Bleaching – The Basics

I will guide you through the whole process of getting rainbow hair, but please have a look at the whole series of posts before actually getting started on your hair. The posts are organized by topic rather than true step by step instructions. But first things first:

Do I need to bleach my hair?

There is not an right answer to this question, but probably yes.

If you have really light hair, maybe you can get to your desired color without bleaching first. The darker your desired color is, the more likely you are to get away without bleaching. It is impossible to get to a really bright color if you are not starting with white/bleached hair. Bleaching will almost always make your hair take in dye pigments much better, which means brighter colors that last longer. But as always, I think the easiest way to find out is to test it on a strand.

Bleaching, the Basics

I’m mostly shopping for my hair stuff at ROMA, a chain selling professional grade hair supplies. I’ve always been living close enough to one of their stores, so I have been buying their bleaching products since I started the whole rainbow hair thing.

My hair before bleaching.

And after.

A word of warning: I have bleached hair in the United States once, and how they label bleach volumes there seems to be different from Europe. Not sure why or how (It’s been a while), but they were labeled differently. So if you’re not in Austria (like I am) please be aware that there can be regional differences in how the products are marketed/labelled – So read the instructions of the products you actually want to use first.

This is not to say that bleaching your hair is dangerous or something you need to be afraid of. Just be aware that it is damaging your hair, no matter how gentle your or your helpers or hairdresser are. Bleaching, in the end, is the process of intentionally destroying your natural hair structure.

Bleaching, the Process.

I’m using a two-part product, consisting of hydrogen peroxide (A liquid that is about the consistency of shampoo) and bleaching powder. The peroxide is available in different strengths, or volumes, and the bleaching powder is the same for all of them. Where I shop you get the peroxide in 6%, 9%, and 12% volumes.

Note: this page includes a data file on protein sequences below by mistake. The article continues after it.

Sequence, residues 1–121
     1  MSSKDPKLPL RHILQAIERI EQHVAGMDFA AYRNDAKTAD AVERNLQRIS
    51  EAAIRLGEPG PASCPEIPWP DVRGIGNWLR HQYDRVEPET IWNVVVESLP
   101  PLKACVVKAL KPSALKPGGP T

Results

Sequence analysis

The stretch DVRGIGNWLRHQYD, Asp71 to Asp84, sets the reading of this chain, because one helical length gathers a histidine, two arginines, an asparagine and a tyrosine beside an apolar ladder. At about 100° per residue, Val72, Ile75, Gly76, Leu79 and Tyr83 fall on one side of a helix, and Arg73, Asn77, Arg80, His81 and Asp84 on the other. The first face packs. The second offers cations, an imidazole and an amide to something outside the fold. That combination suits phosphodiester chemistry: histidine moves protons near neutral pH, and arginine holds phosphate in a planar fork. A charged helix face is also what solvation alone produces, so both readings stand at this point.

When mixed together, the chemicals start reacting: This reaction is what bleaches your hair. The reaction stops at some point, so if you take more than half an hour from combining your chemicals to finish applying the mixture to your hair the reaction time might become a problem. If you think you need more time, just work in batches and take your time.

The first factor to consider is your hair color: Mine is a dark blonde, so I use 6% peroxide for myself. This is the weakest peroxide option one can buy here. For darker hair you need stronger volumes, and you also need to be more careful about damaging your hair and skin.

This is a friend’s hair before bleaching, his hair is almost black.

And after – he uses 12% bleach and his scalp is not particularly happy about that.

If you are not sure about the right product, I would suggest doing a test run. Take a strand of hair and try the bleach on it to see what it does, and if you’re happy with the outcome. Seriously. If you’re bleaching your hair for the first time it’s safer to waste an hour or two on a test run than to potentially fry all your hair. Be aware that a higher volume bleach also means it is more irritating to your skin, so if you have sensitive skin you might want to consider that as well.

You want to use the least aggressive product that gets the job done – and that depends on three factors: The first one is the hair color you’re starting from. The lighter your hair is, the easier it will be. Really dark hair, or hair that already is permanently dyed is harder to bleach.

The second factor is the hair color you want to reach. When bleaching your hair, it will first go orange, then yellow, and then eventually it will become white (actually, it will rather be a really light shade of yellow). If you want to dye your hair hot pink, red, orange or some other color that already has a lot of yellow in it, don’t worry about getting your hair white. For my regular pink and purple shades, I usually don’t bother and just bleach to bright yellow. This is also true for most shades of green, as green is made by mixing blue and yellow, so starting with yellow hair is fine (orange is a problem). If you want light grey or lavender tones, or anything blue, you want to get your hair as white as possible. If you want to go bright orange, on the other hand, you can start from an orange shade just as well.

And third is the structure of your hair. Regardless of the hair color you are starting with, thick, coarse hair is usually a bit harder to bleach – especially if you have a lot of hair.

Just don’t rush it when bleaching your hair for the first time. Take your time to figure out what works for you. Write down what works best, so you remember for the next time.